Does gravity depends on atmosphere
Then on what factors it depends...??
Mass and mass only.
(Now gravitational force, on the other hand, depends on mass and distance)
The answer could be just as well 'yes'. It all depends on what you actually mean.
Why won't you try being a bit more descriptive? What exactly is it you want to find?
My answer would be no, it's the other way around. The atmosphere depends on gravity. sanD, you don't seem to be putting much (ANY actually) research into finding this out on your own. This is not one of those forums where you ask trivial questions and someone tells you the answer, it's a forum where we try to help people figure out how to get answers on their own. The first thing to do on your own for a question like this is type the question into Google and see what pops up. If that doesn't quite give you want you want, come here with a more focused question.
A body on a planetary surface will experience a different gravitational acceleration depending on what radius they are from the gravitational source's mass centre (core). This body will also likely be under atmospheric pressure, with a summed force in the same direction as the gravitational acceleration. Does this atmospheric force compound the gravitational force or will the atmospheric force have a net of zero?
I'm going to take a guess at what the OP may be thinking about... which may be related to the different meanings of mass vs. weight...
When you "weigh" something in the conventional sense, in open air, you're actually not "weighing it" as much as you are determining how much "heavier" it is than air (or comparing the differences between the force on the atmosphere due to gravity and the force on the object due to gravity). It's a little easier to see what I'm getting at if you take the example of if we take a scale of infinite mass to the bottom of the ocean. If you placed a rock on a scale, you don't get the same "weight" as you do on land, even though gravity is (essentially) the same.
Like i said, I am just taking a guess of what the op may have had in mind when they asked the question...
no, but the opposite is true when it comes to a planet having an atmosphere.
Without significant mass, the planetary body wont have a strong enough gravity to retain an atmosphere
Read post #6. You're a day late
LOL didn't even see that in your comment as I read through the thread .....
well at least I gave you good backup ;)
Perhaps he wants to know if the effect of gravity feels stronger with greater atmospheric pressure. I'm not sure it works like that, I think a strong gravitational pull would crush you into the ground whereas a high atmospheric pressure would be more like an implosion. Or am I wrong?
You are right. Well, a crushing rather than an implosion but I see that you were thinking in the right direction.
In any case, it gets boring trying to figure out what some random posted comes and asks and then goes away and you never hear from them again. Maybe he'll come back to say what he really wants to know but don't hold your breath.
Confused about this the gravity changes when we move out of the surface of earth at the same time we can observe atmosphere also changes that's why i confused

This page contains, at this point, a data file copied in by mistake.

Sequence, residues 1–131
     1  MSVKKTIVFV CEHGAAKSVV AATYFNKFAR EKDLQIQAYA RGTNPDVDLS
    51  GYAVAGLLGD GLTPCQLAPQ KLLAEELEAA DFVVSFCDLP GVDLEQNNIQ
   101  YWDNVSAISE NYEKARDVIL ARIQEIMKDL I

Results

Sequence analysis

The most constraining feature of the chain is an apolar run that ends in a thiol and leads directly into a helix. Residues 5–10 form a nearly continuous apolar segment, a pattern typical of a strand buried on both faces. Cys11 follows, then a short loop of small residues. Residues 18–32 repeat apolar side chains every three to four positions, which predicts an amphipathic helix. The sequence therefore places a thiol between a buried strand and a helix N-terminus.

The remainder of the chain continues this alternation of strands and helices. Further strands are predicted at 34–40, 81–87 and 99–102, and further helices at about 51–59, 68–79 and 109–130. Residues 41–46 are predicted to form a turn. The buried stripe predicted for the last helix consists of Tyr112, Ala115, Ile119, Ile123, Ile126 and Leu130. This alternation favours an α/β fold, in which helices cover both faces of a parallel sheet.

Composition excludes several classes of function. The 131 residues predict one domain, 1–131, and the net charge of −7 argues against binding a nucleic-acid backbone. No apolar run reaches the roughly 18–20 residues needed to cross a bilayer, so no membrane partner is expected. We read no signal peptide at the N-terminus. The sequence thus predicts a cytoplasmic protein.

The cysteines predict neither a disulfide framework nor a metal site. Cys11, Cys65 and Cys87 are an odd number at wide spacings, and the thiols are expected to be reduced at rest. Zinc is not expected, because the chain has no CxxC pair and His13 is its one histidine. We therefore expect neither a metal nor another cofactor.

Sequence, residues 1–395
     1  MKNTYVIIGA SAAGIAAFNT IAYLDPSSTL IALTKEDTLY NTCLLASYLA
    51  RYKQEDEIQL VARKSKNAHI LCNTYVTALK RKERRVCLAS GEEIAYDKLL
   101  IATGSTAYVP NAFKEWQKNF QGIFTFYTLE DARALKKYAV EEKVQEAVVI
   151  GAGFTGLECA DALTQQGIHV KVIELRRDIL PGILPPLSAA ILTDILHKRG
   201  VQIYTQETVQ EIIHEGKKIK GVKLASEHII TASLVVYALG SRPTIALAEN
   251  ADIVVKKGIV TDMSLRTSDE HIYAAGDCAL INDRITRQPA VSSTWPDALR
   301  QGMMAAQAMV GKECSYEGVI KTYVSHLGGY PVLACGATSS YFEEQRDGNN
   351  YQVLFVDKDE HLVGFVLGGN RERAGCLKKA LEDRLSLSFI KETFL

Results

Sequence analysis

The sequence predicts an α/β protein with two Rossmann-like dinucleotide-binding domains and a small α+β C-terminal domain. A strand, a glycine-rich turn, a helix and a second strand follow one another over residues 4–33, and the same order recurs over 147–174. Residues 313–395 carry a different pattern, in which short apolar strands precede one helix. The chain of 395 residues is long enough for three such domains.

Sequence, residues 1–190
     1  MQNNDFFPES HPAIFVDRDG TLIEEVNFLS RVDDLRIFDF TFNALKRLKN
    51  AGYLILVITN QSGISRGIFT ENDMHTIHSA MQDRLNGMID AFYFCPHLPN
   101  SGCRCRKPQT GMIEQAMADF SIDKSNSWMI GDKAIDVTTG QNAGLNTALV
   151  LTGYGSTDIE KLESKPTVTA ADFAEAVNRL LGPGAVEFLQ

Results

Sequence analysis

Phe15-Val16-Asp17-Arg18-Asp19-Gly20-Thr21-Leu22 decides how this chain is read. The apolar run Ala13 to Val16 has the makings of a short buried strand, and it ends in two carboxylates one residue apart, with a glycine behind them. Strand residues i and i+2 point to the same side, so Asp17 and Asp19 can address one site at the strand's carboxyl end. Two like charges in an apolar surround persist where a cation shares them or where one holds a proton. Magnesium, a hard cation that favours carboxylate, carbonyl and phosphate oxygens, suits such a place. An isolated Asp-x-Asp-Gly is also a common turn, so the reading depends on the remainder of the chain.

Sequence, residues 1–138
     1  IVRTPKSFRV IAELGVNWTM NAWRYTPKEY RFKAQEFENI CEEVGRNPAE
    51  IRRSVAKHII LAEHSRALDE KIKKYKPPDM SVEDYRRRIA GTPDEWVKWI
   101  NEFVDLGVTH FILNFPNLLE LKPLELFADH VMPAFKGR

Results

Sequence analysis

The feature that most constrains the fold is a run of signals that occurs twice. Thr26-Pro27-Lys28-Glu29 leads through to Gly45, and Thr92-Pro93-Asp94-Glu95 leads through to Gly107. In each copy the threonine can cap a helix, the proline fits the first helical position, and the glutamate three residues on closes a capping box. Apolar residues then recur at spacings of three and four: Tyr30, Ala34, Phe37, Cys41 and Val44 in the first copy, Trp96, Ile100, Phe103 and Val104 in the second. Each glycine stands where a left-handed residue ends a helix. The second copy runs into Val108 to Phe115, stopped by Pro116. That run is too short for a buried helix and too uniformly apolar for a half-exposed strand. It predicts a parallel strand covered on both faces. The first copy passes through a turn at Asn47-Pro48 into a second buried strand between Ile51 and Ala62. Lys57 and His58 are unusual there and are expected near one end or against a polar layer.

Did you think the Earth's atmosphere just goes on forever into the universe? Of course it tapers off as you get higher, as does the force of gravity. What is confusing about that?
I will agree that gravity depends on mass only ...then the gravity of uranus must be greater than earth's gravity because uranus is bigger than earth but it's not why...?
That is probably surface gravity you're thinking about, which can be greater for a less massive object because the surface is farther away from the center of gravity in the massive object.
Gravity doesn't depend on mass only, but also on distance from the source. The gravitational force equation shows that clearly:
(G is the only constant here)
Dividing both sides by m(test particle mass) you get the gravitational acceleration:
As long as the two objects you're comparing have the same density, the larger an object is(greater r), the greater its gravity because as you increase radius the mass increases faster than the square of radius:
where ρ is the density and V is the volume of a sphere
$$V=4/3 \pi r^3$$
Combining the above you get $$a=4/3G\pi r \rho$$
If you'll make one of the objects less dense, its surface gravity will fall down. As long as you make the density fall by the same fraction as you increase the radius, the surface gravity will stay the same.
With Uranus, its density is 4.3 times lower than Earth's while its radius is 4 times larger.
As I said: gravity depends only on mass. The gravitational force experienced at some point depends additionally on its distance from the mass. A fine distinction perhaps, but a distinction nonetheless.
Could you clarify what you mean by gravity?
I was thinking of Bandersnatch's alternate interpretation of the problem from the get go.
Just did the math.
It was very fun.
Wait. What was the original question?
Yes! As atmospheres have mass.
Gravity is an intrinsic property of anything with mass.
Gravitational force is an effect of gravity, modified by distance.
But now you're causing me to doubt my convictions... :s
With the caveat that you've just made me doubt mine...
How would that definition work? Isn't it just synonymous with mass?
Noooooo!!!!! Don't say "MASS"! It'll attract those stress-energy-tensor fellows, with their "momentum warps space too" mumbo jumbo......
And then my head will explode, again.
Separate names with a comma.